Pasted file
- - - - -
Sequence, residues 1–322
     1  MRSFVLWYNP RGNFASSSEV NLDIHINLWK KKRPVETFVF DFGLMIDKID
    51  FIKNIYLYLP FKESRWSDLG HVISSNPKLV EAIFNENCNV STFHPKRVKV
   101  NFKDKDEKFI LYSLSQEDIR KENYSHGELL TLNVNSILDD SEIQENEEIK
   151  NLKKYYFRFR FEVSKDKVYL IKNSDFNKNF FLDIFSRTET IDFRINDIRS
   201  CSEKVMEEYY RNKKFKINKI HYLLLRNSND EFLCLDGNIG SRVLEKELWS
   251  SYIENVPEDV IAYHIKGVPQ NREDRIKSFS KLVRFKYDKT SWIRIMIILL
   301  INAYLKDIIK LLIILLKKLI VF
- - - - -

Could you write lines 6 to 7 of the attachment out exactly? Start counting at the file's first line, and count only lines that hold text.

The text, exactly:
   201  CSEKVMEEYY RNKKFKINKI HYLLLRNSND EFLCLDGNIG SRVLEKELWS
   251  SYIENVPEDV IAYHIKGVPQ NREDRIKSFS KLVRFKYDKT SWIRIMIILL